Monoamine and motor responses to cocaine are co-deficient in the Fawn-Hooded depressed animal model.Prog Neuropsychopharmacol Biol Psychiatry. 2006 Jul; 30(5):887-98.PN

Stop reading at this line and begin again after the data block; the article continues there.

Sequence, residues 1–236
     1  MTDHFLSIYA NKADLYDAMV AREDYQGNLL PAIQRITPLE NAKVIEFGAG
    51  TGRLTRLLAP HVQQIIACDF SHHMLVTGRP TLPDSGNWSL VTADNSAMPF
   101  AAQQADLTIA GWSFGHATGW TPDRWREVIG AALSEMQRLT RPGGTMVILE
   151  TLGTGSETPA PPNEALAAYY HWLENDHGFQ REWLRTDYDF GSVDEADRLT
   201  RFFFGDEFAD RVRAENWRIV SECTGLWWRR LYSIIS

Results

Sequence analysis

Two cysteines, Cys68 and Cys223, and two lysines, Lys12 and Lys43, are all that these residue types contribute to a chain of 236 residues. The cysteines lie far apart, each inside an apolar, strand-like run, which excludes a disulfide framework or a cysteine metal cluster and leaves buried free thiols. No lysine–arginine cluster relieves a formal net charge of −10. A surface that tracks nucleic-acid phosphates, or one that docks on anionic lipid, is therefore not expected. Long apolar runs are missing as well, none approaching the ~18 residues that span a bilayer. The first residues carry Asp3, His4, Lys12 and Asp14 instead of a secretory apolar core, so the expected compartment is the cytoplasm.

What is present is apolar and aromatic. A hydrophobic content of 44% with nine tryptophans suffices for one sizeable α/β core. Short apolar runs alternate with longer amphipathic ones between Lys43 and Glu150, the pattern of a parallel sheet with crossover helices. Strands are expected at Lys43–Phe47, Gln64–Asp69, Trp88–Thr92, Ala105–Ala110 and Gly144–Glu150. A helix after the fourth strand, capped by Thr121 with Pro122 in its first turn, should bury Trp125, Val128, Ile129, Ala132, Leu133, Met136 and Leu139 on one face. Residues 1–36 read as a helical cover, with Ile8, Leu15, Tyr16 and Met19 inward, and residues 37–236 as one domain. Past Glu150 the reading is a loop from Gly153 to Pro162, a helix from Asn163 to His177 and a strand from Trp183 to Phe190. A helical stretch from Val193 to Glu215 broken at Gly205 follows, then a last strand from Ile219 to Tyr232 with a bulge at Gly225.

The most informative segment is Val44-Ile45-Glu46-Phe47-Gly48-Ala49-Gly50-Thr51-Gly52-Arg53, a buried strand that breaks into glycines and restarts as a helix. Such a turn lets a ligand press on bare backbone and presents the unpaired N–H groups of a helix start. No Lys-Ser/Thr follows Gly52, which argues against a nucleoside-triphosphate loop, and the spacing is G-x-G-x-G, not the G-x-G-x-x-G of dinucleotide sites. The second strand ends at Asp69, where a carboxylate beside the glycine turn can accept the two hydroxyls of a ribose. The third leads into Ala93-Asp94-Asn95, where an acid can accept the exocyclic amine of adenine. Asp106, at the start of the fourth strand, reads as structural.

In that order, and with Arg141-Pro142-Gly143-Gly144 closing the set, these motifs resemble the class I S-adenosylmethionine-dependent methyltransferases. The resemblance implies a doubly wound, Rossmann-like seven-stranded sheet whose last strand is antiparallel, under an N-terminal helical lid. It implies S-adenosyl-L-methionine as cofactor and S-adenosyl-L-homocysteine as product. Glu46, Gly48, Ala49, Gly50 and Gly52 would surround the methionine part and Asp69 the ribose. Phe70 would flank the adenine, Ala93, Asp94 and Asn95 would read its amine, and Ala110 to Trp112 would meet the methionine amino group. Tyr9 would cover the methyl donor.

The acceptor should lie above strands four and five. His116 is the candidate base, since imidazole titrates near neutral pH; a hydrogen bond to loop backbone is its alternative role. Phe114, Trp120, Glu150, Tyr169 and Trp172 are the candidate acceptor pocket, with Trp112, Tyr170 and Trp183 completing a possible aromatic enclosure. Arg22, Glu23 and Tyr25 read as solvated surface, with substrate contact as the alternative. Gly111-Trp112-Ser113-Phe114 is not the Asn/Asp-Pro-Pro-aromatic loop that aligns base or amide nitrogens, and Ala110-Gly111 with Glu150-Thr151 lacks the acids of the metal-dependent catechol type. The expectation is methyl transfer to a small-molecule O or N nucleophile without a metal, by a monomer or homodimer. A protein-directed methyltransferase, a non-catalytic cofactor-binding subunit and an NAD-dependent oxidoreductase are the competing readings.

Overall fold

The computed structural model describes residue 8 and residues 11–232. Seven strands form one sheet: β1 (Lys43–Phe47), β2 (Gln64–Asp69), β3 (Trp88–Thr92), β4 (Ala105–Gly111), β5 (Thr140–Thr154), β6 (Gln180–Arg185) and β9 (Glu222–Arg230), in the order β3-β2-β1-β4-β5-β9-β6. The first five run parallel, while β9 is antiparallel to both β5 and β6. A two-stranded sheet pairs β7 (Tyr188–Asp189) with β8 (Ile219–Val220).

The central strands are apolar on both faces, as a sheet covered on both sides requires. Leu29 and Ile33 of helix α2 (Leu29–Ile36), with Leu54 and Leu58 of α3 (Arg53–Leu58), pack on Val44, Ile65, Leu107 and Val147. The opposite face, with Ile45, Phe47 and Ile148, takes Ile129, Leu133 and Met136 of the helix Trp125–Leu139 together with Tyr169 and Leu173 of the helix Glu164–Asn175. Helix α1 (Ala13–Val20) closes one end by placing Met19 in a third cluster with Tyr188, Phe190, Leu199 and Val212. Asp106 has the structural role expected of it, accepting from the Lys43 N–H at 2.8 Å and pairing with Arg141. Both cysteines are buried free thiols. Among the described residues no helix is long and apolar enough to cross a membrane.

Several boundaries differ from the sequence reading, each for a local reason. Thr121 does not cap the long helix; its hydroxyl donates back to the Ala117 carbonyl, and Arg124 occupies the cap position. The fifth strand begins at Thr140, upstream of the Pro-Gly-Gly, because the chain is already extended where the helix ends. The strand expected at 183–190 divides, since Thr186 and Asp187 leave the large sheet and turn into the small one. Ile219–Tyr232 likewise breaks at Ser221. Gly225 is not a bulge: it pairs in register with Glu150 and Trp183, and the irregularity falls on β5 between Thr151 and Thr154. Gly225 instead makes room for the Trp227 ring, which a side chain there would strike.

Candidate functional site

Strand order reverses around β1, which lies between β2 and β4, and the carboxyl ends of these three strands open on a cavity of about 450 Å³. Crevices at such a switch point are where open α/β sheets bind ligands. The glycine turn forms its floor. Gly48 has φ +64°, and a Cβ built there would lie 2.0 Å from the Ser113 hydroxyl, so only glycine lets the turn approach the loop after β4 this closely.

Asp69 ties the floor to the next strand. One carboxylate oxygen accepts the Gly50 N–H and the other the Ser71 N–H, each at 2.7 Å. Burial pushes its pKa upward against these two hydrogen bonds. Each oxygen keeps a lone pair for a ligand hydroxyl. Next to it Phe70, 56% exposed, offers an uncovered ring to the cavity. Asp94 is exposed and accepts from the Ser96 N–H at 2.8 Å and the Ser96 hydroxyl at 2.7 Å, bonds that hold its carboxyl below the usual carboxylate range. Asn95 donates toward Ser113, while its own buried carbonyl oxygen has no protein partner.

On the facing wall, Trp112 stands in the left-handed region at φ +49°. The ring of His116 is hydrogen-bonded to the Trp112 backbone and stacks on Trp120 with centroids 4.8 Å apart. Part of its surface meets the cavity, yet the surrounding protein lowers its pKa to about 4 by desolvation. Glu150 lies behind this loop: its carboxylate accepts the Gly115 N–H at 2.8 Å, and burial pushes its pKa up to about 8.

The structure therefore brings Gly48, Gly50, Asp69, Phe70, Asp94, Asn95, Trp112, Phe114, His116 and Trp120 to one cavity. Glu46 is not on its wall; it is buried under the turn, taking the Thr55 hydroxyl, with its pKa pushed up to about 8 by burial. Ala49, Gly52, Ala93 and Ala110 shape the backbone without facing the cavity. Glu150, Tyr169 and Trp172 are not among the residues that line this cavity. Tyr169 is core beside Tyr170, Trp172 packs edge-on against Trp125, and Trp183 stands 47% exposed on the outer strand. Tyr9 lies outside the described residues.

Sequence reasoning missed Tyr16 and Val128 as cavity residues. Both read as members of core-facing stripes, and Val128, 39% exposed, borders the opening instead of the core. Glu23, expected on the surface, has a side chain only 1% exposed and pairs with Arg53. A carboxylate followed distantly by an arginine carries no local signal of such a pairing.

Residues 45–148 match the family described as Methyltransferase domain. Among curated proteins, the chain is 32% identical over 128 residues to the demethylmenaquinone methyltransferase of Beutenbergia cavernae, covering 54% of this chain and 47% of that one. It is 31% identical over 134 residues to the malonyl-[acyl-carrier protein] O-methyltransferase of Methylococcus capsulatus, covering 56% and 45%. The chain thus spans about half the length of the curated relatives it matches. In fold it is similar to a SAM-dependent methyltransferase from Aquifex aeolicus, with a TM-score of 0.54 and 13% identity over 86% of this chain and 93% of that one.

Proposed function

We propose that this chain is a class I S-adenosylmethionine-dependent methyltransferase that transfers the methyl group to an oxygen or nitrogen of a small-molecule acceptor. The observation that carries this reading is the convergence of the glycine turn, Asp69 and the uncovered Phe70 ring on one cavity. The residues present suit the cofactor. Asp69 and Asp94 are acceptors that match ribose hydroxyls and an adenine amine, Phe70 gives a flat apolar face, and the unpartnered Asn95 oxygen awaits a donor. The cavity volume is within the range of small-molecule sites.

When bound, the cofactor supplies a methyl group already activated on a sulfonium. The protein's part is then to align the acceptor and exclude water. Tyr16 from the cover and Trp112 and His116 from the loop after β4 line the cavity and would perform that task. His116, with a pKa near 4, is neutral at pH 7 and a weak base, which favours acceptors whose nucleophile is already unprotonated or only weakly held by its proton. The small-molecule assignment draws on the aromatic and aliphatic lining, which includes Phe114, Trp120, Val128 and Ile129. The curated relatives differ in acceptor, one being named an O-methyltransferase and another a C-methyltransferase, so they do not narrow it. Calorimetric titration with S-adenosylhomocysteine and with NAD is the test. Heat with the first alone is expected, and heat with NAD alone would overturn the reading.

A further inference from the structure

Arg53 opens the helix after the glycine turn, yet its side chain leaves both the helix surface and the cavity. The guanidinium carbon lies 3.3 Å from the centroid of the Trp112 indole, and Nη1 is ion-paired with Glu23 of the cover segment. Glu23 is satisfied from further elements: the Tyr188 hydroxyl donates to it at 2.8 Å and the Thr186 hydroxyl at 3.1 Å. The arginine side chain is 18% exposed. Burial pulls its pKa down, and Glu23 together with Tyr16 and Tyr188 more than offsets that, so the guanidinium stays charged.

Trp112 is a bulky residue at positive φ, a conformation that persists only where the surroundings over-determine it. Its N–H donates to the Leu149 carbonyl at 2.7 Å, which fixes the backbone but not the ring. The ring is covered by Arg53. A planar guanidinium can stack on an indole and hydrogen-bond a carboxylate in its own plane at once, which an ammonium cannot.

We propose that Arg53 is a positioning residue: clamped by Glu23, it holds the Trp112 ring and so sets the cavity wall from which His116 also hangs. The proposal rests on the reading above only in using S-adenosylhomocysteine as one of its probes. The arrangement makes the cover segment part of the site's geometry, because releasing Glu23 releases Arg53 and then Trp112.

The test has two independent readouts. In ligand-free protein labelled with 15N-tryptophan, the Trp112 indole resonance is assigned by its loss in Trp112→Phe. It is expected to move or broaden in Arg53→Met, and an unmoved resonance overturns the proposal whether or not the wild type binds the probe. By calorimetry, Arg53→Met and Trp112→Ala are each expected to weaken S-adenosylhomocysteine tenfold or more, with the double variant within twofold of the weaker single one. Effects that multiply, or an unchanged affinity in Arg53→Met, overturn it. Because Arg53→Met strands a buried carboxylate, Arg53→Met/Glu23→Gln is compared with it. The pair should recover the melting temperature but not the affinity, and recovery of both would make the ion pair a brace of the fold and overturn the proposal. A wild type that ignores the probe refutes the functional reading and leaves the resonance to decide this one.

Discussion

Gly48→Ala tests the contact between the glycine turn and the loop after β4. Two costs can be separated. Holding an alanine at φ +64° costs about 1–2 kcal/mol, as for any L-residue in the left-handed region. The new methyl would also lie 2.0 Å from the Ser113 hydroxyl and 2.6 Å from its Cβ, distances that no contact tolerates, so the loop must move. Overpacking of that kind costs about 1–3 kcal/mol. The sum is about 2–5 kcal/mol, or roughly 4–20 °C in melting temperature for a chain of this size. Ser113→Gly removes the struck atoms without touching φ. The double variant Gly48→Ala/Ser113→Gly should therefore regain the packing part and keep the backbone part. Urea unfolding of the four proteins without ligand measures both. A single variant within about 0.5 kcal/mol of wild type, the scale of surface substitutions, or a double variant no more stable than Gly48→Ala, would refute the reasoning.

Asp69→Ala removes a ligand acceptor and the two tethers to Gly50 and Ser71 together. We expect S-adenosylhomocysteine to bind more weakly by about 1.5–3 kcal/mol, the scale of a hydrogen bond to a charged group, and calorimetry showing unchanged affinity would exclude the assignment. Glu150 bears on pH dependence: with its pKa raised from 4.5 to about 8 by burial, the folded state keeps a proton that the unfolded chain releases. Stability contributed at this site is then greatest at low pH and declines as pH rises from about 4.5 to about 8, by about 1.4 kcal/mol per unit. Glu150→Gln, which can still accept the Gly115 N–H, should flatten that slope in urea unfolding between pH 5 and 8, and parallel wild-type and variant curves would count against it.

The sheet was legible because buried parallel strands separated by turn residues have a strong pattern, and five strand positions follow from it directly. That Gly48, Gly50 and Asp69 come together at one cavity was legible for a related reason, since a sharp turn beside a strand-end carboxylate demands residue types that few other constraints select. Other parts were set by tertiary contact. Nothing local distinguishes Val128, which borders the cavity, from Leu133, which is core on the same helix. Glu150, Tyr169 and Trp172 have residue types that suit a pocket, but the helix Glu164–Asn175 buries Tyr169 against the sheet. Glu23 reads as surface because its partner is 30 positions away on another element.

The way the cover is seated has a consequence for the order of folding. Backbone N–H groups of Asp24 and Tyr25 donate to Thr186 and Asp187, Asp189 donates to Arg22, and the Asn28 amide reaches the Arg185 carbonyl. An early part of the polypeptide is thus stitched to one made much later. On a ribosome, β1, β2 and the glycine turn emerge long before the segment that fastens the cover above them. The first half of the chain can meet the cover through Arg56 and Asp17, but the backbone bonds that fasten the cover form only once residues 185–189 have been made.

The Fawn-Hooded (FH) genetic animal model of depression continues to be of interest because the FH model has limited biochemical and immune function. The FH animal has an inherited trait, platelet storage pool deficiency (PSPD), an hemorrhagic disorder that is also a component of Chediak-Higashi syndrome (CHS). CHS is a pyrogenic infectious childhood disease; few patients live past the age of 20. Our hypothesis was that FH animals may exhibit different monoamine and motor responses to cocaine versus the Sprague-Dawley (SD) "normal" animal strain, which does not have the FH trait. Therefore, selective neuromolecular imaging (NMI) of the monoamines, dopamine (DA) and 5-HT within nucleus accumbens (NAcc) of behaving male FH versus SD rats was performed in vivo with BRODERICK PROBE sensors and a semiderivative voltammetric circuit. Each animal was placed in a faraday chamber and electrochemical signals were detected via a mercury commutator and flexible cable. Baseline values for neurotransmitters and behavior were derived during the last half-hour of habituation behavior. Release of DA and 5-HT was detected selectively, at separate oxidation potentials, within seconds, before and after intraperitoneal administration of the psychostimulant, cocaine (10 mg/kg). At the same time, frequencies of ambulations and central ambulations were separately monitored with infrared photobeams, which surrounded the faraday chamber. Data were compared by ANOVA analysis followed by Tukey's post hoc test. The data showed that (1) DA release in NAcc of behaving FH animals did not respond to cocaine; neither first hour nor second hour values significantly differed from baseline (both hours, p>0.05), whereas SD animals exhibited a significant increase in cocaine-induced DA release in NAcc (both hours, p<0.001). The ability for acute cocaine to increase DA release in NAcc was significantly greater in SD than in FH animals (p<0.001). (2) 5-HT release in NAcc of behaving FH animals was not significantly increased by cocaine (both hours, p>0.05), whereas 5-HT release in NAcc of SD animals was significantly increased after cocaine (both hours, p<0.001). The ability for acute cocaine to increase 5-HT release was significantly greater in SD than in FH animals (p<0.001). (3) Ambulations in the FH strain were modestly, yet significantly, enhanced after cocaine during both hours of study (p<0.05, p<0.001, respectively) as were ambulations in the SD strain. Nonetheless, the ability for acute cocaine to increase ambulations was significantly greater in SD than in FH animals in the first hour (p<0.001). (4) Central ambulations in the FH strain was not affected by cocaine (both hours, p>0.05), whereas SD animals showed a significant increase in central ambulatory activity in both hours of the cocaine study (p<0.001). The ability for acute cocaine to increase central ambulations was significantly greater in SD than in FH animals (p<0.001). Thus, this is the first study to determine in vivo the neurochemical response to acute cocaine in the behaving FH animal. Moreover, this is the first study to determine in vivo and simultaneously the neurochemical and behavioral response to acute cocaine in the FH strain in comparison with SD animals, a "normal" strain. Remarkable deficiencies in the ability for acute cocaine to alter neurochemistry and behavior in animals with the FH trait are shown. These studies emphasize the need to look differentially at cocaine effects in biochemically and immune-compromised subjects versus "normal" subjects.